Ransomware is making a lot of money for cybercriminals, and that shows in the increasing sophistication which these blackmailing crooks are operating with – to the point where now they're even producing FAQs and offering 'customer' service support to help victims pay up.
You only need look at an attack which was carried out on the authorities in Tewksbury Massachusetts over in the US. The ransomware was followed up by a full FAQ explaining details of the attack and simple to follow instructions concerning how to make the online payment in order to decrypt the files.
Reuters reports that in the end the Tewksbury police department decided they would pay the fee of $600 (around £420, AU$780) demanded, as efforts to break the stranglehold on its files had proved fruitless despite bringing in experts, and the ongoing hassle and ultimate danger of losing vital data was a far more traumatic prospect than simply stumping up the ransom.
And of course that's exactly what the thieves count on.
Lawbreakers learn from legit businesses
Ransomware peddlers are increasingly aping legitimate businesses with efforts on the customer service front such as those revealed in this incident, and even small operators are now making moves like setting up their own call centres offering tech support to victims whether they are individuals or companies (yes, it's all very twisted).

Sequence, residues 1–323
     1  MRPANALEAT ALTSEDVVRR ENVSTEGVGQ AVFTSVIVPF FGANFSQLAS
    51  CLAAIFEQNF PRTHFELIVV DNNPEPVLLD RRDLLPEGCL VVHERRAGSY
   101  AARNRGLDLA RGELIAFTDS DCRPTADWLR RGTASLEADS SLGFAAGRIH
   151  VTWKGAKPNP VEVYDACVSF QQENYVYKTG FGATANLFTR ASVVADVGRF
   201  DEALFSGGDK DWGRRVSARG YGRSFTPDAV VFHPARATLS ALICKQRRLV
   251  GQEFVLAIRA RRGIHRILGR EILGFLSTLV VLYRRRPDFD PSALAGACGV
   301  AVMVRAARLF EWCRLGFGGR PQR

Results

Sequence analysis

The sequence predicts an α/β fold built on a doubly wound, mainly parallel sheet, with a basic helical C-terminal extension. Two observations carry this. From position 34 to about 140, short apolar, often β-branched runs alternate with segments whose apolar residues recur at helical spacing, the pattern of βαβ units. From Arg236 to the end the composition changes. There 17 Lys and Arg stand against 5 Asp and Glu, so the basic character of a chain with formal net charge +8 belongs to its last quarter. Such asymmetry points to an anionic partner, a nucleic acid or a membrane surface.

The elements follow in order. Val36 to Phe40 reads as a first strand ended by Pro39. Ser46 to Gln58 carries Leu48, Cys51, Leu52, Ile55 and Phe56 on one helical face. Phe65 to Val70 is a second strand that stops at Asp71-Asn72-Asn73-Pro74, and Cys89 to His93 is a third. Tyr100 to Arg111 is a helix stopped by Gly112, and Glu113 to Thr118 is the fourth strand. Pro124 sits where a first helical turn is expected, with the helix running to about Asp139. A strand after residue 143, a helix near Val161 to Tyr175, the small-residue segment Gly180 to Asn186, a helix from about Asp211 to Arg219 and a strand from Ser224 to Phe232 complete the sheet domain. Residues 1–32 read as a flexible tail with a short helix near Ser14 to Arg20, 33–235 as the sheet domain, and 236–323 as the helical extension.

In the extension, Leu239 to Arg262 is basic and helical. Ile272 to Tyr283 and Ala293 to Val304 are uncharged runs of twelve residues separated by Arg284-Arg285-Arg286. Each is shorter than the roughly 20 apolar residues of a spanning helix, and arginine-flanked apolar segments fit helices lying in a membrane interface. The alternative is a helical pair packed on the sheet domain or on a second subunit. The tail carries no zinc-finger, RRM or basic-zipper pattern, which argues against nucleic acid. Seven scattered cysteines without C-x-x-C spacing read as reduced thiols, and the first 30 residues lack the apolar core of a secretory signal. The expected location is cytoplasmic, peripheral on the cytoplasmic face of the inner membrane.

And as Reuters notes, the sophistication of ransomware operations has got to the level where the likes of graphic artists and translators are employed to ensure demands are as clearly presented as possible, and in the local language.
It's all getting quite scary and on top of this, the prospect of automated and self-propagating ransomware (cryptoworms) looms, meaning we're likely to see an increasing amount of attacks in the future, particularly given the sort of money being made by these criminals.
As we saw yesterday with Symantec's Internet Security Threat Report, ransomware is already increasing at quite a pace and it was up 35% in 2015 according to the security firm.
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Darren is a freelancer writing news and features for TechRadar (and occasionally T3) across a broad range of computing topics including CPUs, GPUs, various other hardware, VPNs, antivirus and more. He has written about tech for the best part of three decades, and writes books in his spare time (his debut novel - 'I Know What You Did Last Supper' - was published by Hachette UK in 2013).